In addition, any controlling shareholder, any shareholder who can determine the outcome of a shareholder vote and any shareholder who, under the company’s Articles of Association, can appoint or prevent the appointment of an office holder, is under a duty to act with fairness towards the company. The Israel Companies Law provides that a breach of the duty of fairness will be governed by the laws governing breach of contract. The Israel Companies Law does not describe the substance of this duty.
 
Insurance, Indemnification and Exculpation of Directors and Officers; Limitations on Liability
 
The Israel Companies Law permits a company to insure an office holder in respect of liabilities incurred by him or her as a result of the breach of his or her duty of care to the company or to another person, or as a result of the breach of his or her duty of loyalty to the company, to the extent that he or she acted in good faith and had reasonable cause to believe that the act would not prejudice the company. A company can also insure an office holder for monetary liabilities as a result of an act or omission that he or she committed in connection with his or her serving as an office holder. Moreover, a company can indemnify an office holder for (a) any monetary liability imposed upon such a office holder for the benefit of a third party pursuant to a court judgment, including a settlement or an arbitrator’s decision, confirmed by a court, (b) reasonable legal costs, including attorney’s fees, expended by a office holder as a result of an investigation or proceeding instituted against the office holder by a competent authority, provided that such investigation or proceeding concludes without the filing of an indictment against the office holder and either i) no financial liability was imposed on the office holder in lieu of criminal proceedings  or ii) financial liability was imposed on the office holder in lieu of criminal proceedings but the alleged criminal offense does not require proof of criminal intent, and (c) reasonable litigation expenses, including legal fees, actually incurred by such a office holder or imposed upon the office holder by a court order, in a proceeding brought against the office holder by or on behalf of the company or by others, or in a criminal action in which he was acquitted, or in a criminal action which does not require proof of criminal intent in which he was convicted.  The Companies Law further provides that the indemnification provision in a company’s articles of association (i) may be an obligation to indemnify in advance, provided that, other than litigation expenses, it is limited to events the board of directors can foresee in light of the company’s actual activities when providing the obligation and that it is limited to a sum or standards the board of directors determines is reasonable in the circumstances, and (ii) may permit the company to indemnify an officer or a director after the fact.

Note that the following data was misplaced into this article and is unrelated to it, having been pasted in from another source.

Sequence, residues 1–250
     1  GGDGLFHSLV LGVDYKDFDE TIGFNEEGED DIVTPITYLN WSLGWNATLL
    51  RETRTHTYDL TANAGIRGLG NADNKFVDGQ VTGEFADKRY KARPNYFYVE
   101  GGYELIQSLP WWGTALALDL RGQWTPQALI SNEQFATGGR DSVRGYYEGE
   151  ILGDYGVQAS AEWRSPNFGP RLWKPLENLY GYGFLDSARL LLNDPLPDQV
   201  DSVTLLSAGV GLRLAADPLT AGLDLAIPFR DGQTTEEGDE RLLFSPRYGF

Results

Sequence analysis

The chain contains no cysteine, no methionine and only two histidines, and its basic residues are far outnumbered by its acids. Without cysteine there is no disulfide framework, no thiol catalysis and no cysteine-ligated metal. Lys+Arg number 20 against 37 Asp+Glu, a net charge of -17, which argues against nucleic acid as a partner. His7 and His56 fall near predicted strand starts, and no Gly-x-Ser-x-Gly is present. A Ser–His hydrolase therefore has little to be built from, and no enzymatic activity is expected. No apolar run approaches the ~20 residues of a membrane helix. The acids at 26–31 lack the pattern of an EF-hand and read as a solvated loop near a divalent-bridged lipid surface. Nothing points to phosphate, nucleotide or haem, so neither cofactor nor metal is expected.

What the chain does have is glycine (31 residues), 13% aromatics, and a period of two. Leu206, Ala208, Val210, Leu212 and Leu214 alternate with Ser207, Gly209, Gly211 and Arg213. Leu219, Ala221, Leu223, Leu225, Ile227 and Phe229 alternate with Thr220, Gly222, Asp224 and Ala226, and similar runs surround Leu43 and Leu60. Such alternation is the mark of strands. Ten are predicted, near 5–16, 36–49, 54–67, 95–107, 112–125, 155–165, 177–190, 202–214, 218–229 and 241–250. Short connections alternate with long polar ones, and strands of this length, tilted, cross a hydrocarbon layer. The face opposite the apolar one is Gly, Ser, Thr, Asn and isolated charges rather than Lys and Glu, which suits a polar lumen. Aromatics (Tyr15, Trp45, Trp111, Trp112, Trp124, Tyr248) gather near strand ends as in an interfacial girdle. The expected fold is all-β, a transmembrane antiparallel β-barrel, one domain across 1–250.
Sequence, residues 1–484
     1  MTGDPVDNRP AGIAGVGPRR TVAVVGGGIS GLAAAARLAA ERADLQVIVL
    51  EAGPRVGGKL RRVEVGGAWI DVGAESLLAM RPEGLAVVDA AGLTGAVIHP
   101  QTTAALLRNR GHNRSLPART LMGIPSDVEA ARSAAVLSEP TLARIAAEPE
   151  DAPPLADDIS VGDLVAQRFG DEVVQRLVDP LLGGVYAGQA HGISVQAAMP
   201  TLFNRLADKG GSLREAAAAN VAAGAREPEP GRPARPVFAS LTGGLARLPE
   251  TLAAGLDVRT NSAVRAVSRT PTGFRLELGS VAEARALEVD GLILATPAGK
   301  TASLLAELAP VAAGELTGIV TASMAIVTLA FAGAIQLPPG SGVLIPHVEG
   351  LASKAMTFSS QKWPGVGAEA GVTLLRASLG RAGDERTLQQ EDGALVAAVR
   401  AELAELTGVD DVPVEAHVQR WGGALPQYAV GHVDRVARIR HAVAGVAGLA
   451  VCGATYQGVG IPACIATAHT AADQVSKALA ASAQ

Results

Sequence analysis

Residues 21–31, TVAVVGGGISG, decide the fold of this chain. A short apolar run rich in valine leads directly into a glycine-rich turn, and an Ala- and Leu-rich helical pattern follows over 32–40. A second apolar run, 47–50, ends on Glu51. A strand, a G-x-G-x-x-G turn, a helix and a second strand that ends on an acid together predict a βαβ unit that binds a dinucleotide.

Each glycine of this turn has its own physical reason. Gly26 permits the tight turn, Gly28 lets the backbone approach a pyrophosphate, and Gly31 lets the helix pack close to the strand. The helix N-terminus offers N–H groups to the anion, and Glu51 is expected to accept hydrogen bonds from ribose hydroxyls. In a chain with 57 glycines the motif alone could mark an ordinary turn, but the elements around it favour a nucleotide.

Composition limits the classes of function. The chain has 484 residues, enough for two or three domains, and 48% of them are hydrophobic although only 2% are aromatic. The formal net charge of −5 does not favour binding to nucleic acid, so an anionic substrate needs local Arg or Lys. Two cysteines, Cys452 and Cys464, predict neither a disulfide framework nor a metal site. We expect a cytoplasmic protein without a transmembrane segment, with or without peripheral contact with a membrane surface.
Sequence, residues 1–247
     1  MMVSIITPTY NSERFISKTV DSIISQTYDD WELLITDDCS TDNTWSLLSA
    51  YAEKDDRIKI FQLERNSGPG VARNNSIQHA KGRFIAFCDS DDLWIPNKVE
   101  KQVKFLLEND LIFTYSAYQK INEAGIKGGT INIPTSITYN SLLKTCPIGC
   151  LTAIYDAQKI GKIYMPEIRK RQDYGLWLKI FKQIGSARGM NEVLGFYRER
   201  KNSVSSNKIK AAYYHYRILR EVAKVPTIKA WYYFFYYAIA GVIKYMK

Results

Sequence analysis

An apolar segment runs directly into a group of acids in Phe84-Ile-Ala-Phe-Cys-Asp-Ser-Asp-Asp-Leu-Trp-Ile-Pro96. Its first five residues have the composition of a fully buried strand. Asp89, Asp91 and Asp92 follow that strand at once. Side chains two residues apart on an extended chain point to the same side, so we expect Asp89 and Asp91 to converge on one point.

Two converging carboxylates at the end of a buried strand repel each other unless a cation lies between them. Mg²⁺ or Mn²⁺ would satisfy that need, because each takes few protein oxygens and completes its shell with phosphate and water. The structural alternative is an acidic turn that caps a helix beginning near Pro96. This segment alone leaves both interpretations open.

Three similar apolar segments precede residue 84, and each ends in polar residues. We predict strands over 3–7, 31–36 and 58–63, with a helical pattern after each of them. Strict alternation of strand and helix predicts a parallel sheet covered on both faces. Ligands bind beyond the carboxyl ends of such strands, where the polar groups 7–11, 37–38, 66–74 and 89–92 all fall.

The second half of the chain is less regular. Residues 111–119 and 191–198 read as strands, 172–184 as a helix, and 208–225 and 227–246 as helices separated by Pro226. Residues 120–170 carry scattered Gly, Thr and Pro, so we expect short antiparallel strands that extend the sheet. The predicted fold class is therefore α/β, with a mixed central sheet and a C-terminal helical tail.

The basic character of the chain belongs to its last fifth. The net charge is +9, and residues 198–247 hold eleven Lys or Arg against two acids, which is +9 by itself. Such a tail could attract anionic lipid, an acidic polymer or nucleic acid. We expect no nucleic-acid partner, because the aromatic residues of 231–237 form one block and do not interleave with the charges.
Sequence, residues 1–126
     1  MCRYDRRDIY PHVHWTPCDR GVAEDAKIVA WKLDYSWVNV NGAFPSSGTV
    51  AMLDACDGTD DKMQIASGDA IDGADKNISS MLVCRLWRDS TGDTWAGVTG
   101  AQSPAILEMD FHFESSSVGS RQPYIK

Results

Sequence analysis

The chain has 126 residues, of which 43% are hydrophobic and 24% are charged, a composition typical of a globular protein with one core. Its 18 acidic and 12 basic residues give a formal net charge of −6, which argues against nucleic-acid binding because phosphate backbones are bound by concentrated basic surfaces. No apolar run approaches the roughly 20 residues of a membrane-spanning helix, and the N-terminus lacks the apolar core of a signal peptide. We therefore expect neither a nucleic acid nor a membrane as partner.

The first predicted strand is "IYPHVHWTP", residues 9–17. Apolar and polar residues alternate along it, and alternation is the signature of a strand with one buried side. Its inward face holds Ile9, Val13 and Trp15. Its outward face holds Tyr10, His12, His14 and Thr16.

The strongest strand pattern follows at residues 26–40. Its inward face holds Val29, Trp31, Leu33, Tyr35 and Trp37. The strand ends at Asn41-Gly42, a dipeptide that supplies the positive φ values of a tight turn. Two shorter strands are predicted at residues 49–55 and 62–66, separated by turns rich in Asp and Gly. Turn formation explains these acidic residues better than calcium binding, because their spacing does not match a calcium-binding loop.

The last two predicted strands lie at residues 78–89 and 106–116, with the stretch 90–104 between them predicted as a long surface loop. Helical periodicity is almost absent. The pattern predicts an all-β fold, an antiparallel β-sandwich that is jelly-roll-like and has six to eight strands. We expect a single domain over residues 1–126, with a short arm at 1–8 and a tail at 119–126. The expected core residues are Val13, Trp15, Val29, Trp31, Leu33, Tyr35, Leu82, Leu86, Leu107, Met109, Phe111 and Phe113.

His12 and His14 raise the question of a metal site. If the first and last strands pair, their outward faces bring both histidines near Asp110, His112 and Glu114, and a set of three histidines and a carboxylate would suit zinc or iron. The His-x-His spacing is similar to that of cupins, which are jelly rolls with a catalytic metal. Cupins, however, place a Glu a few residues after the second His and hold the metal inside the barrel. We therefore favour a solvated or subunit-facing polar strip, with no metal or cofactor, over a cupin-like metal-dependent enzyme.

Furthermore, a company can, with one limited exception, exculpate an office holder in advance, in whole or in part, from liability for damages sustained by a breach of duty of care to the company.